This release marks the third recording from Canadian singer songwriter Cara Luft. One of the founding members and creative sources behind the Wailin’ Jennies, Cara has been following her own star since departing in 2004.
The release of her first CD back in year 2000, Tempting the Storm, saw Cara begin to forge the solo career that has taken her folk/roots influences through the release of The Light Fantastic in 2007, now followed by Darlingford, a collection of 13 engaging songs that are both a varied and stimulating listening experience.
Despite attempts to box her off into a particular genre of music, Cara Luft spans a whole range of influences, from traditional banjo tunes to English folk songs, roots based arrangements and cover versions of songs that have touched this very gifted artist.
We have an impressive line- up of musicians on the recording with 15 separate talents credited on the liner notes, plus a string quartet. The songs were recorded on location in several old churches, living rooms, hotel rooms and studios spanning Canada, England and the USA.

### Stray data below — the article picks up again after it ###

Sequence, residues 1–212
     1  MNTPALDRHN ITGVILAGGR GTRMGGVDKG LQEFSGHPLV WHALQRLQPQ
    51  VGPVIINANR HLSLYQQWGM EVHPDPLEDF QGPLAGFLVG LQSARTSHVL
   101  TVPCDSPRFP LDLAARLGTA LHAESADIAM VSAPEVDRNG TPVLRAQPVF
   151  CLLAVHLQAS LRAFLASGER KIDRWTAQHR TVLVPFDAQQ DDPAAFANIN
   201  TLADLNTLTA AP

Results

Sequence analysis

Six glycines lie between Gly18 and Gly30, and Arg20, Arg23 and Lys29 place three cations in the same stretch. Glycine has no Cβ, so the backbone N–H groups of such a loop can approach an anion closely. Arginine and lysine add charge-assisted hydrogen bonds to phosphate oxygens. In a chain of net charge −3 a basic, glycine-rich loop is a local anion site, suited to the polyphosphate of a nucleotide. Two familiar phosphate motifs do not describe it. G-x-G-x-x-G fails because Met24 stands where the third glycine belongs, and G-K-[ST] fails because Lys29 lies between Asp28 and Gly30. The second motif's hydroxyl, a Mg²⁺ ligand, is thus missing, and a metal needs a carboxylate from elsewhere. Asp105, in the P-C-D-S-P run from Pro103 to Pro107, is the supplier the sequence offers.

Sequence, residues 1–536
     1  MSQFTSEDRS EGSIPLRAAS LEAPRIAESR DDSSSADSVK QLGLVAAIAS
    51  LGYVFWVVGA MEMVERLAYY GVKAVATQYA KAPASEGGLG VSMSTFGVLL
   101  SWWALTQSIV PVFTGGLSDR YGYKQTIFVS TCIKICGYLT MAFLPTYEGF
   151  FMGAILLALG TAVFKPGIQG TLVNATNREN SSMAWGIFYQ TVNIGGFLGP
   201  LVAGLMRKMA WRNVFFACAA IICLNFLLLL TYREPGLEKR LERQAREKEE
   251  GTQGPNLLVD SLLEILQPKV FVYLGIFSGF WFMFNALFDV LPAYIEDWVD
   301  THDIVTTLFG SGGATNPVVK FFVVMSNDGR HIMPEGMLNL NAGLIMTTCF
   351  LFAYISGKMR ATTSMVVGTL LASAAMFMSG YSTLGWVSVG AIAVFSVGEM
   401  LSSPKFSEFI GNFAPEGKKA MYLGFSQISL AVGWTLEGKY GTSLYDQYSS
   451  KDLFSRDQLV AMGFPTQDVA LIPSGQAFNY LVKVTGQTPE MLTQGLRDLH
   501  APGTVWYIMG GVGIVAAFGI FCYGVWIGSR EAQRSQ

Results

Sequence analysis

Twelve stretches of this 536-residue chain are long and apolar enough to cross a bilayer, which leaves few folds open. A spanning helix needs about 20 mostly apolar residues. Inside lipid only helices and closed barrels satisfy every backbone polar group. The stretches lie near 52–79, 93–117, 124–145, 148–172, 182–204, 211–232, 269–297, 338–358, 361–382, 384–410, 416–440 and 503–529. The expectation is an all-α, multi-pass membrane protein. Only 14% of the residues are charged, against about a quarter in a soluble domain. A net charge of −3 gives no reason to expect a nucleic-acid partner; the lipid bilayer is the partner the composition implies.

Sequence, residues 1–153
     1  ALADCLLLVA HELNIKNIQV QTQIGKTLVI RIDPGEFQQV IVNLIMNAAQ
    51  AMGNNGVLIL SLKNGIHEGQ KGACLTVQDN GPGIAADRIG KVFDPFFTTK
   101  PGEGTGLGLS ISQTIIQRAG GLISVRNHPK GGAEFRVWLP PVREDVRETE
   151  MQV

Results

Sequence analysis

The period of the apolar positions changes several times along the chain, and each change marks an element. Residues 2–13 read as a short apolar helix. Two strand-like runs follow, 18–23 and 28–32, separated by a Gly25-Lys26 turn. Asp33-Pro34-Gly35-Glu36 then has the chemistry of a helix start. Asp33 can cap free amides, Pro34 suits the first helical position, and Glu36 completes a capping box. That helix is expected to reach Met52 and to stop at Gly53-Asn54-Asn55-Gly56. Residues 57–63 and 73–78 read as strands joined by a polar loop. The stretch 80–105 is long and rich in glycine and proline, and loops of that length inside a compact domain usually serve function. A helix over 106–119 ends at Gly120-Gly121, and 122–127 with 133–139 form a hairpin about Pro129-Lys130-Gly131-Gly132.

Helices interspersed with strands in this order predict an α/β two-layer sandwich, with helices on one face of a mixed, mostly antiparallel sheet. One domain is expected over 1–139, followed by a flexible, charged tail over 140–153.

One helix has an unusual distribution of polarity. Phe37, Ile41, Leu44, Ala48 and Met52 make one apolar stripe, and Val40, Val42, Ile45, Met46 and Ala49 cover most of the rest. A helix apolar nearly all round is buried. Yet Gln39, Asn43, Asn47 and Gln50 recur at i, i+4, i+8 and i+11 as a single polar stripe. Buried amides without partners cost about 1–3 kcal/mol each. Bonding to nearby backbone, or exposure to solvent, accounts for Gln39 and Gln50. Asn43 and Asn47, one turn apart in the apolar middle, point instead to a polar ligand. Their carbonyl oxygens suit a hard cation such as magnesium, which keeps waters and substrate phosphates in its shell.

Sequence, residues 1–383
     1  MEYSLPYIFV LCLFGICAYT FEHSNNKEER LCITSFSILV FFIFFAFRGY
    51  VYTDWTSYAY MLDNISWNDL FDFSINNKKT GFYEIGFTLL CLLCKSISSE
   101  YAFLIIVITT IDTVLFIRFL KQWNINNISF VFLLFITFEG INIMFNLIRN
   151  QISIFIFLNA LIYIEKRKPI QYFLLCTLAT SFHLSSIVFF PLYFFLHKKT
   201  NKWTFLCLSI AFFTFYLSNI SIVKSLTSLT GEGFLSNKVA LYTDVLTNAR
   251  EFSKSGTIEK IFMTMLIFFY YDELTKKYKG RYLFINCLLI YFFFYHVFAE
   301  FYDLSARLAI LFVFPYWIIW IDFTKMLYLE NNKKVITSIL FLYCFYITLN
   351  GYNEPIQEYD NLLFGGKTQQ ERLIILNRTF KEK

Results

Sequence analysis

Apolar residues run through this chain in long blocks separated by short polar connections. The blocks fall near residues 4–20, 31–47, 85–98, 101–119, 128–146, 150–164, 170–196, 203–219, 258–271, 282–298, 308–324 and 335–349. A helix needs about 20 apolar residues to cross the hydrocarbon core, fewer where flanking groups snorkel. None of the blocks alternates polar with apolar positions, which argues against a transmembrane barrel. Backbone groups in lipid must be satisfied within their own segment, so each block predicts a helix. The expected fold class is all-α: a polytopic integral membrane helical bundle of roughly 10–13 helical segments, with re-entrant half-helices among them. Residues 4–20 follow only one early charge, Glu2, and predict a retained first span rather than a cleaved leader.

There is always a risk in such a diverse recording that the parts are too spread and take away from a cohesive whole. Happily this is not the case here and the overall feel is seamless as we are given songs of lost love coupled with the aspiration that only love can save in the end.
A cover version of Mike Scott’s Bring ‘Em All In is particularly arresting and a superb version of She Moved through the Fair sits easily alongside My Darling One, a song originally penned as a poem/prayer by Cara’s mother when her daughter was travelling the miles in pursuit of a career in music.
Portland Town is a sad lament of a parent for children lost in in a war and Idaho tells the tale of an Aunt who holds strong right-wing views that sit uneasily with the writer. The production and musicianship is of the highest quality and makes for an entertaining 50 minutes plus.
The redemptive nature of many songs is summed up perfectly in the opening track Only Love Can Save Me with the lines – ‘I’m shedding all the pain inside me, burning fires through the night; Rub the ashes all over my body, take a step into the light’.
Review by Paul McGee